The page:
Today I want to share with you some musings from last month, as I was sitting in a hotel room in Sheffield City Centre. I was due to be closing a keynote later that day, and was thinking about what I was going to do in the meantime. The answer? Not a lot, other than make sure I was fully prepared for that keynote. And that’s generally what I do before most speaking events. The reason for this is pretty simple: I don’t want to busy my mind or overcommit myself logistically. So, there are three things that I focus on to prepare, which I’m going to talk about in a little more detail. And those are energy, mood and motivation.
The Cadence Approach
Now, energy, mood and motivation are all everyday essentials. But I want to discuss them with a view of preparing for an event. Those of you who know my content will be familiar with the Cadence Approach. It’s a simple four-step process for managing energy:
Predict: When are the big events coming up?
Prepare: Start making small changes that will have a big impact over time.
Perform: Carry out the task, respecting your red flags.
Recover: Build slivers of recovery and deliberate rest into your day.
So, I’m set to perform later in the day, what can I do to prepare for that event? Often we talk about sleep, nervous system management – the specifics: how many steps we’re going to take etc. And whilst all of those things are important, thinking about those three broader categories, energy, mood, and motivation, could also be helpful.
So, from an energy point of view in this example, I went for a walk. There’s nothing particularly revelatory in that. Cardiovascular physical activity works to increase the heart rate, improving blood flow and reducing blood pressure. It also releases hormones such as endorphins, as well as circulating oxygen in the body, helping to boost energy.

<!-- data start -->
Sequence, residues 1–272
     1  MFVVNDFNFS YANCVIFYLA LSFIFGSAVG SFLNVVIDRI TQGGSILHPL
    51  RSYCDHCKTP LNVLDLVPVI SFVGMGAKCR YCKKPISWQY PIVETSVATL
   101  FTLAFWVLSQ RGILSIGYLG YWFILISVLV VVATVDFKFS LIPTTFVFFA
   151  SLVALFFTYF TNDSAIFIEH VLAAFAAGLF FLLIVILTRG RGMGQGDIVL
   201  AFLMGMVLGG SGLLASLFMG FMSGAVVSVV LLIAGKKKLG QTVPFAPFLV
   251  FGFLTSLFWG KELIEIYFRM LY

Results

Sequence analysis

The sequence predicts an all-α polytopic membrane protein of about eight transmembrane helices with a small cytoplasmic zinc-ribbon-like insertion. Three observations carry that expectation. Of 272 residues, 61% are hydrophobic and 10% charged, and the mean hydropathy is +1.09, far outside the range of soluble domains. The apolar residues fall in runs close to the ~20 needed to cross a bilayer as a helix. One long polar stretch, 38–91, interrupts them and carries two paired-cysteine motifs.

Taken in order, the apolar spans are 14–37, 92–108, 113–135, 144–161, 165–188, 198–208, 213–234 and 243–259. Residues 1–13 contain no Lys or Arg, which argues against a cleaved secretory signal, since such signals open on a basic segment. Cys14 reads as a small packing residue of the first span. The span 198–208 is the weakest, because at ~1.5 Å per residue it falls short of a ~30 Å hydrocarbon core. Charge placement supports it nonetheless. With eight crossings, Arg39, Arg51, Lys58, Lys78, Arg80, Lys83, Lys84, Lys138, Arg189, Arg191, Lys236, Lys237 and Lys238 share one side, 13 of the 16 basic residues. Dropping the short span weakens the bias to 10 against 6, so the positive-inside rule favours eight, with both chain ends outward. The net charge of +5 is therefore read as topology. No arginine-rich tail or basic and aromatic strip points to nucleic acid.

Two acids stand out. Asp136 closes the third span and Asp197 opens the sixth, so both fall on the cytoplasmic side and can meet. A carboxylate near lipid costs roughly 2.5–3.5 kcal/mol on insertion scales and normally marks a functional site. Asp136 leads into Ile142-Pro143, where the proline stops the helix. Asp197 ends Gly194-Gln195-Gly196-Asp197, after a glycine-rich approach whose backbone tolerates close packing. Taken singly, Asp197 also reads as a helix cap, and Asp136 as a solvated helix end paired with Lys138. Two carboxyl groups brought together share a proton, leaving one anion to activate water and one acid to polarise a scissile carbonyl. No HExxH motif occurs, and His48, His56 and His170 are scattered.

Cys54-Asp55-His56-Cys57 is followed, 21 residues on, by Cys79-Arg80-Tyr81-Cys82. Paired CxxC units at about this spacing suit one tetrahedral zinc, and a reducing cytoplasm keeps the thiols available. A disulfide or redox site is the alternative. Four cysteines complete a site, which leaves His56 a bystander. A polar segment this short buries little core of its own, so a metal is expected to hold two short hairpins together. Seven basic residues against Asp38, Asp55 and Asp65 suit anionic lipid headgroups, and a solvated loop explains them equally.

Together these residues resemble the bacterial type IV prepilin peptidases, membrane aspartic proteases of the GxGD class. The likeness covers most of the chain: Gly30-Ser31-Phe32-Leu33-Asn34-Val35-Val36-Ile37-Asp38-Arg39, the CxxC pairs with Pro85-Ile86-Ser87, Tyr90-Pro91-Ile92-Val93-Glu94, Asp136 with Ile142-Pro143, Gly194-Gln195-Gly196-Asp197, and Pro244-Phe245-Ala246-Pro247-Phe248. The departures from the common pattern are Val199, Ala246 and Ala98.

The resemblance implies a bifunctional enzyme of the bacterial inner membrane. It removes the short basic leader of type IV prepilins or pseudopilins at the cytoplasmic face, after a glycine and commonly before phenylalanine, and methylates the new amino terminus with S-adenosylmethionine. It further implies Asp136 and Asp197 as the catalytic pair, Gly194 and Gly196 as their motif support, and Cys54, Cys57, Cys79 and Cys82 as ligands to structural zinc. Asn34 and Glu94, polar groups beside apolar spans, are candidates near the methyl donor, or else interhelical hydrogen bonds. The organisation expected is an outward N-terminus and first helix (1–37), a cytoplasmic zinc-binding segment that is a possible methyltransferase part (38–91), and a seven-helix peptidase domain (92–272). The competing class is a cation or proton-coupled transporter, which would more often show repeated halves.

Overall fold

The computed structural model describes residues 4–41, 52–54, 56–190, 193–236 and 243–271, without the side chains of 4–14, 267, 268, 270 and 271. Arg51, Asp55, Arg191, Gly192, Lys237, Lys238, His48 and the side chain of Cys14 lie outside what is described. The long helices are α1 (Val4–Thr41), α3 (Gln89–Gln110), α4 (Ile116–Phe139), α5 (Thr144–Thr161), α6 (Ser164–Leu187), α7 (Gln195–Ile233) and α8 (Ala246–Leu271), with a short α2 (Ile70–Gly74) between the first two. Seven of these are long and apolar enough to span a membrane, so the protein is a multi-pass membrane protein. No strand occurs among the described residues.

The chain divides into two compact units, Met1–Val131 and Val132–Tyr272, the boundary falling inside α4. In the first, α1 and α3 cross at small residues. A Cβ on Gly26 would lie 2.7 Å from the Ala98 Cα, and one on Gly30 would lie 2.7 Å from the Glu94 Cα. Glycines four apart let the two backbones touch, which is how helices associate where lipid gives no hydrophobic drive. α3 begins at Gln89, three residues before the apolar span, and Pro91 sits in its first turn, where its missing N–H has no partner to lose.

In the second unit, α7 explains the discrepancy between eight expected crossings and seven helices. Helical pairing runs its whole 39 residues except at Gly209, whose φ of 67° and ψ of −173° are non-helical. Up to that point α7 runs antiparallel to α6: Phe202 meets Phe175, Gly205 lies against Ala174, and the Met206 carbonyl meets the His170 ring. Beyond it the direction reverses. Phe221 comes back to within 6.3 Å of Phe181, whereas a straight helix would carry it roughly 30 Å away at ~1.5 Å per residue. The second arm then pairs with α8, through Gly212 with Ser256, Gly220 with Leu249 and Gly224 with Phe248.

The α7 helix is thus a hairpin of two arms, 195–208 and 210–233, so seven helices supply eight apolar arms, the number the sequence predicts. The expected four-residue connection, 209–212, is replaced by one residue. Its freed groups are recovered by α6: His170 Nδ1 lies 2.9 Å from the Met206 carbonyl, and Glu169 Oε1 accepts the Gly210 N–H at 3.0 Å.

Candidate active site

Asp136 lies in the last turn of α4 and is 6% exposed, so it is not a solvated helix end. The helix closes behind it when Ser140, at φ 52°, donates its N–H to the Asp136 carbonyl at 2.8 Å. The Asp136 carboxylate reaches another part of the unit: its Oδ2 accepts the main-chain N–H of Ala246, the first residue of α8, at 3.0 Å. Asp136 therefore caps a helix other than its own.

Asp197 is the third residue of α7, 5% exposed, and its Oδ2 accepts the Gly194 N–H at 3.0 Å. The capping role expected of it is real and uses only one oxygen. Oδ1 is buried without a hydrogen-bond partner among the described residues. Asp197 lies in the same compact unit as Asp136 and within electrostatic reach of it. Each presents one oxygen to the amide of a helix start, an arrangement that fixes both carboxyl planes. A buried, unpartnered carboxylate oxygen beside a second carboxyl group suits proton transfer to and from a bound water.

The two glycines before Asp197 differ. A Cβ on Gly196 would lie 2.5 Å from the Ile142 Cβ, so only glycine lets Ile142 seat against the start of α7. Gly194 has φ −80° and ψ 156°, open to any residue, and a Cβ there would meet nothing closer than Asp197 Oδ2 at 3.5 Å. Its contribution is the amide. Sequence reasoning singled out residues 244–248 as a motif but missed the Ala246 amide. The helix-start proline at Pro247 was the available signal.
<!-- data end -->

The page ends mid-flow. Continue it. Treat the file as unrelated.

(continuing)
To boost my mood, I took myself out of that dimly lit hotel room for some natural light (the skies were surprisingly blue for November!). Exposure to sunlight is believed to increase the release of serotonin by the brain. Serotonin is a natural mood stabiliser, and whilst lower levels have been linked to depression, normal levels help us to feel happy and calm.
Finally, for motivation, I like to think ahead. So, I really focused on what I wanted people to think and feel during my keynote. My motivation was to do a really great job for Barnsley Metropolitan Borough Council, before getting back on that train and heading home to London.
So, energy, mood and motivation. I propose that if you start thinking about things in that sense, you’re really hitting what it is you want to achieve, as opposed to how you’re going to achieve it. That part always becomes clear when you’re really focused on the goal: improving your energy; improving your mood; improving your motivation. And that’s it – I’d love to know what you think about this. Is it helpful to think about the end game rather than how you’re going to get there? Let me know by getting in touch on Insta and LinkedIn.
Interested in sharing this message at your next event? The Cadence Approach keynote shows your teams how to minimise risk of burnout, manage their energy and have more fun.